In early 2017 I attended ‘MWUG’, or Manchester WordPress users group to give it it’s full name. I met a bunch of lovely people including Mike Little, one of the core developers of WordPress. I was surprised. I thought anyone involved the creation of WordPress must live in some kind of sun drenched villa on a mountain side in Silicon Valley. How wrong I was.
Mike was the really welcoming chair of the group, and they were on the lookout for people to give talks at their meet ups. Despite just arriving I offered. I’d been using WordPress since 2010. Despite a terrible memory I know that because WordPress helpfully releases a new theme design named after the year, every year, and I started with ‘TwentyTen’. Also being a comedian I’ll take any chance to get in front of a new audience.
I was prepping 15 minutes on how I’d used WordPress to publish a podcast when I realised what I had was quite funny but not very technically hardcore. Was my knowledge of WordPress enough for a tech savy audience? Was I glossing over the cracks in my knowledge with gags? Of course it didn’t have to be funny, I was probably over analysing, and on the day it was fine.
I went back a few months later and a half hour talk on my experience of building WordPress websites commercially. Again is wasn’t intend to be funny, but I couldn’t help it. That’s when I thought there might be a show in it. Sharing my feelings on the culture of constant updates, and making it funny. I’ve created bucket loads of websites using WordPress for all different manner of clients, but it never occurred to me to attempt to combine that with my comedy storytelling. So in a nutshell that’s the new show – Confessions of a WordPress fanatic! at the Greater Manchester fringe. Not a duffel coat in sight.
The Festival has been running for 8 years and brings researchers into local pubs all over the UK to get people interested in science, in this case machine thinking, extreme engineering and big data. Now I’m no scientist and a comedian as opposed to presenter -the nearest I get to science is Doctor Who or reading Douglas Adams novel. However my geek credentials and curiosity served me well, even if the audience preferred hard research over warm up jokes, I was just the messenger.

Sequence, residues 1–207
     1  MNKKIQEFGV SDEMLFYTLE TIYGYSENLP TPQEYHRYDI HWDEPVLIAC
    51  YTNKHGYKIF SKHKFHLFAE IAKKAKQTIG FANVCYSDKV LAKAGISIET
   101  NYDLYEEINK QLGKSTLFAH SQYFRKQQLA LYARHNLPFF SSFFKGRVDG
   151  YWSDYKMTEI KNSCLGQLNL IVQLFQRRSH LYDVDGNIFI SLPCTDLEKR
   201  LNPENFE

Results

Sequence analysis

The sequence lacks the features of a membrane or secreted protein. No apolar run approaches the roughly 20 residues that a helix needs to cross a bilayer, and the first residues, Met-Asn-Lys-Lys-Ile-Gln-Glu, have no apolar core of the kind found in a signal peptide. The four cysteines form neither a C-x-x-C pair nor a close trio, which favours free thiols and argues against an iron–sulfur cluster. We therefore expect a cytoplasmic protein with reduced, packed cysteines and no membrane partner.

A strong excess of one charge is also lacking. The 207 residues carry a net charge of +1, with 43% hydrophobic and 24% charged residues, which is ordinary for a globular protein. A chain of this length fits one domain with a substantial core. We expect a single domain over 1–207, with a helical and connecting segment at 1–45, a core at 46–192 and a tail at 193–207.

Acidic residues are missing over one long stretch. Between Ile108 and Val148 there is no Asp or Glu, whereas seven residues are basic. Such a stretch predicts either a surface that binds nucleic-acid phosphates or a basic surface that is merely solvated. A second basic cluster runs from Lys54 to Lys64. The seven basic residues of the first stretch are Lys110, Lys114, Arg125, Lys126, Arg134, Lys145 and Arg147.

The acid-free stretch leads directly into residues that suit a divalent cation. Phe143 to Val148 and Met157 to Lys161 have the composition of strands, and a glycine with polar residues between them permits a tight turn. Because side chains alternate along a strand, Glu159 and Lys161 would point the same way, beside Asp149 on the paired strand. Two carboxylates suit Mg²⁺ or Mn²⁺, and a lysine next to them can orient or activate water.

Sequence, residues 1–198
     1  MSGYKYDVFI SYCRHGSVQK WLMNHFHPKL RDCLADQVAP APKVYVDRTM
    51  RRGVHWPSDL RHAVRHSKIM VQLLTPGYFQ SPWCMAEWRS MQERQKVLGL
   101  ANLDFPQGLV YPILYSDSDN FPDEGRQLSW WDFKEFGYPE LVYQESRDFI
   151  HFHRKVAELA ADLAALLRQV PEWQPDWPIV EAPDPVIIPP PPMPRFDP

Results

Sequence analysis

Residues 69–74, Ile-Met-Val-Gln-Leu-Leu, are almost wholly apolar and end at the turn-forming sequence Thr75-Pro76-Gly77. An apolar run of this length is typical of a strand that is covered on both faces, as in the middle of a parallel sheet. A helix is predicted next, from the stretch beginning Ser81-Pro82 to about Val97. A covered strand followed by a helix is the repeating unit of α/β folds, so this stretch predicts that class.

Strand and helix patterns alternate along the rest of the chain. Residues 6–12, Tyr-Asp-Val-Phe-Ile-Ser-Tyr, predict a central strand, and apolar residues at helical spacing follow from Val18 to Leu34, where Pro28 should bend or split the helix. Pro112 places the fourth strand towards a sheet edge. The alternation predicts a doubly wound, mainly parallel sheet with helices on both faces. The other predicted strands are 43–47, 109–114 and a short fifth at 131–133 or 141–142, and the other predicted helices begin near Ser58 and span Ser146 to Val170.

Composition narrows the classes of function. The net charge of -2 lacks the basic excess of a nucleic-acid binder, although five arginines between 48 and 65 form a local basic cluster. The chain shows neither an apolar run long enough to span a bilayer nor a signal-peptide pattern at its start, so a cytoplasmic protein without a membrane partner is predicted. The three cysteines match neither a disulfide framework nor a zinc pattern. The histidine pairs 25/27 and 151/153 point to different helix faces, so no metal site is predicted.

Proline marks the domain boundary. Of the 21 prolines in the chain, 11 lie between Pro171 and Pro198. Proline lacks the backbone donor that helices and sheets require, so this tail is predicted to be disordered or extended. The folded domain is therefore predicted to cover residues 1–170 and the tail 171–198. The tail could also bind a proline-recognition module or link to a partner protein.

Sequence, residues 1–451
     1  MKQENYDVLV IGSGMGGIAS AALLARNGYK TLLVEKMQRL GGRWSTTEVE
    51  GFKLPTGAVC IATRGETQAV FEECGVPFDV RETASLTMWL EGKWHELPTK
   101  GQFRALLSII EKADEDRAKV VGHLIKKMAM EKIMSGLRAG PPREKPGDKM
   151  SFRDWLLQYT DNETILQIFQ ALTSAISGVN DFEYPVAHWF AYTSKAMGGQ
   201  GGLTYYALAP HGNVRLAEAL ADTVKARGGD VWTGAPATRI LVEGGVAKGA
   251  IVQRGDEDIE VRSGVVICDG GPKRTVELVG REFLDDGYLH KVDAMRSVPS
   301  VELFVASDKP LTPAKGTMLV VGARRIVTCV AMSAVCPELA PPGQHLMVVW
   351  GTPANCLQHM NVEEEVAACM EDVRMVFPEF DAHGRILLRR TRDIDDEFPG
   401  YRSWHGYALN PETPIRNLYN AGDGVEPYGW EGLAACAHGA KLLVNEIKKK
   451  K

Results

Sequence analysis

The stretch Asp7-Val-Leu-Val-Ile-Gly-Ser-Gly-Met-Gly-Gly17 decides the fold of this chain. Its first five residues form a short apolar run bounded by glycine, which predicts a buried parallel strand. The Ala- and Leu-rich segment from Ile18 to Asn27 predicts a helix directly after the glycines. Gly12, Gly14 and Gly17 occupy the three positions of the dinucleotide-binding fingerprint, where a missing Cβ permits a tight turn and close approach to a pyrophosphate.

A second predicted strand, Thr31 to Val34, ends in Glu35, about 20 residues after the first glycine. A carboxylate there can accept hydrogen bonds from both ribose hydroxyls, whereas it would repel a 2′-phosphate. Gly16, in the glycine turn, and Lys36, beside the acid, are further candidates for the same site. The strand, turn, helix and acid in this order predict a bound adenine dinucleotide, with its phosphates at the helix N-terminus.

Social media was big and #pintofscience trended on Twitter during the live events (there were 21 in Manchester alone!) When organiser Becky took a photo of myself and the other professors, we all put our drinks down out of shot – until she reminded us that it was the pint of Science Festival and drinks in hand were preferred!
Highlights for me were Professor Steve Furber’s Spinnaker Project. He had worked on the BBC Micro and Archimedes computers which filled my with nostalgia. Dr Mostafa Nabawy and his bio-inspired micro robots. Making tiny spiders that jump and flies that fly sounded like a Sci-fi disaster movie waiting to happen. Dr Katie Druce’s talk on ‘what people mean when they say they don’t sleep’ and how it can be monitored was as clever as it was easy to understand, using fitbits to monitor activity at night in the bedroom (SLEEPING!). Also I particularly enjoyed ProfessorDavid Berezan’s Sounds of the sea, which uses real time data from sea buoys to create a dynamic soundscape. The combination of data, process and improvisation to create a hypnotic nautical composition pressed all of my buttons, and it was no surprise when we chatted that we are both fans of Delia Derbyshire and the BBC radiophonic workshop.
Big thanks to Becky Dodd and all the organisers at the University of Manchester for letting me share the stage, and for keeping me watered with some very good cider courtesy of the Beer Nouveau venue.